Disasters tend to follow “Murphy’s Law”. They tend to occur when you least expect it or are least prepared for it. There is no such thing as a “right time” for a disaster. But what exactly is a disaster? A disaster is an event that threatens the very viability and survival of your business and causes substantial interruption requiring prompt management attention. Disasters come in many types and forms. You can classify them simply as natural or manmade. Natural disasters include floods, storms, earthquake and others. While man-made disasters can be classified as fire/explosion, products and service brand protection, internal and external. Many events that are internal to a business may result in an adverse impact. These events range from computer system failures, loss of utilities, failures of critical processes and equipment to work place violence. Disasters of external origins include many threats, such as supplier chain disruptions, terrorism and others.
It is not a matter of “if a disaster will strike”. It is only a matter of “when a disaster will strike”.
Lack of planning is a threat to your business survival. An effective plan must consider various aspects of pre-loss preventive measures, emergency response and post-disaster actions to assure survival and continuity of a business. Be prepared and plan ahead.
Need for Planning
When a disaster strikes, what is the management’s responsibility? Management has the responsibility to plan for appropriate emergency response and recovery. In addition, the business is also accountable to its shareholders, employees as well as the community. Crisis response results in a reevaluation of a company’s management by all stakeholders. A well planned response provides an opportunity to turn a negative into a positive impact for the future of the business.
When a disaster strikes, the survival of the business is on the line. The lack of an effective emergency response and recovery plan may spell the difference between success and failure. A business recovery plan without any focus on prevention and emergency response programs is doomed to fail. Failing to plan is certainly planning to fail.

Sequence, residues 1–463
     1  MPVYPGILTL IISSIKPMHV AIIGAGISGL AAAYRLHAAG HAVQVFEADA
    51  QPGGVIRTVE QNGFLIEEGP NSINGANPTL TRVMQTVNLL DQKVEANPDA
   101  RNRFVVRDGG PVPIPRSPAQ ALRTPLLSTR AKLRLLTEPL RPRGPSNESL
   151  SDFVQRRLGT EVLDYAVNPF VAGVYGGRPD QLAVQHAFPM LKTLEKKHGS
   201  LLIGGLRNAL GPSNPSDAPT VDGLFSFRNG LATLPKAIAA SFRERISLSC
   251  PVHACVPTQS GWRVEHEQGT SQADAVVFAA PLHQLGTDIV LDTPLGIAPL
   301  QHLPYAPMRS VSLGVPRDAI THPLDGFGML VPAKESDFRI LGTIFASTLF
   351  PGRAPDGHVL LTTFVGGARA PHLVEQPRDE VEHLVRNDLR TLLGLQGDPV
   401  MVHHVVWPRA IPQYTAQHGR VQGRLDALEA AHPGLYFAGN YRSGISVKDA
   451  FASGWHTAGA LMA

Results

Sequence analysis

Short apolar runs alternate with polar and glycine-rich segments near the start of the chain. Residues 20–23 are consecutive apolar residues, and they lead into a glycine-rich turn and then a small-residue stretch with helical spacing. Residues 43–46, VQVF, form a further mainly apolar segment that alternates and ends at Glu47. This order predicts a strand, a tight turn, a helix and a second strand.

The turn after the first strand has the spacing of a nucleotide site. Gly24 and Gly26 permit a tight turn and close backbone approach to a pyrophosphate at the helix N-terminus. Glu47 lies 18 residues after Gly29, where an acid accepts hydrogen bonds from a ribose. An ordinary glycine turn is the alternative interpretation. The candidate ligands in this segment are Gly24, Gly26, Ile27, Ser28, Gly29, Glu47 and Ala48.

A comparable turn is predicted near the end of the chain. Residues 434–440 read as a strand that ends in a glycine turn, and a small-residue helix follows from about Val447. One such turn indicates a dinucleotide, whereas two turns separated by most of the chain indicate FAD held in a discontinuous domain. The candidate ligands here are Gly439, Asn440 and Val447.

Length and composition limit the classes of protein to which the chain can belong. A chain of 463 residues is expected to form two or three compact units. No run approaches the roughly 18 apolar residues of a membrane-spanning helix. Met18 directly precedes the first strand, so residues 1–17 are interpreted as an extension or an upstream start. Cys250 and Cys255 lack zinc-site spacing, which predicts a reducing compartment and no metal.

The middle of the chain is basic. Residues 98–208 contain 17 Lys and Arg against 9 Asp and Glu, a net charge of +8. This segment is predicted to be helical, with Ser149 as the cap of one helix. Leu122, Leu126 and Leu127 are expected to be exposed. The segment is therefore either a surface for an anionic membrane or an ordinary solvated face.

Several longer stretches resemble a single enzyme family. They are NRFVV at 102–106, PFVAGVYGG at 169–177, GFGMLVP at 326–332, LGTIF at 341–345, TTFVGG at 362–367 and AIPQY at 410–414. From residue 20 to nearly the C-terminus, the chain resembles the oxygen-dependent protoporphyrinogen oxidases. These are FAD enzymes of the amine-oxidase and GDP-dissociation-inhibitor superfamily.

Most businesses have developed parts of the emergency response plan, to one degree or another, in response to various regulatory requirements. The challenge is to develop a proactive plan that is integrated and addresses a wide range of credible scenarios that may one day impact your business.
Perhaps you have considered developing a Business Continuity Management Plan, but are reluctant to commit resources to an effort that appears to have marginal payback. Contingency Planning is not a cost, but an investment in your company’s future and survival.
Development of the plan requires a review of the business processes for their criticality. This leads to a better understanding of your own business processes, a reduction in redundant efforts and better utilization of resources.
Some argue that you cannot plan for all foreseeable and unforeseeable threats facing your business. Planning is a “state of mind”. When you plan your response for the foreseeable events, it gives you a strong framework to respond to many of the unforeseeable events. Many consider this to be such a daunting task that they are afraid to take even the first step. The task of developing the entire plan can be managed by a systematic approach that allows you manage it in phases so it does not overwhelm you.
Contributor: Aamir Jamil, CGEIT, CISM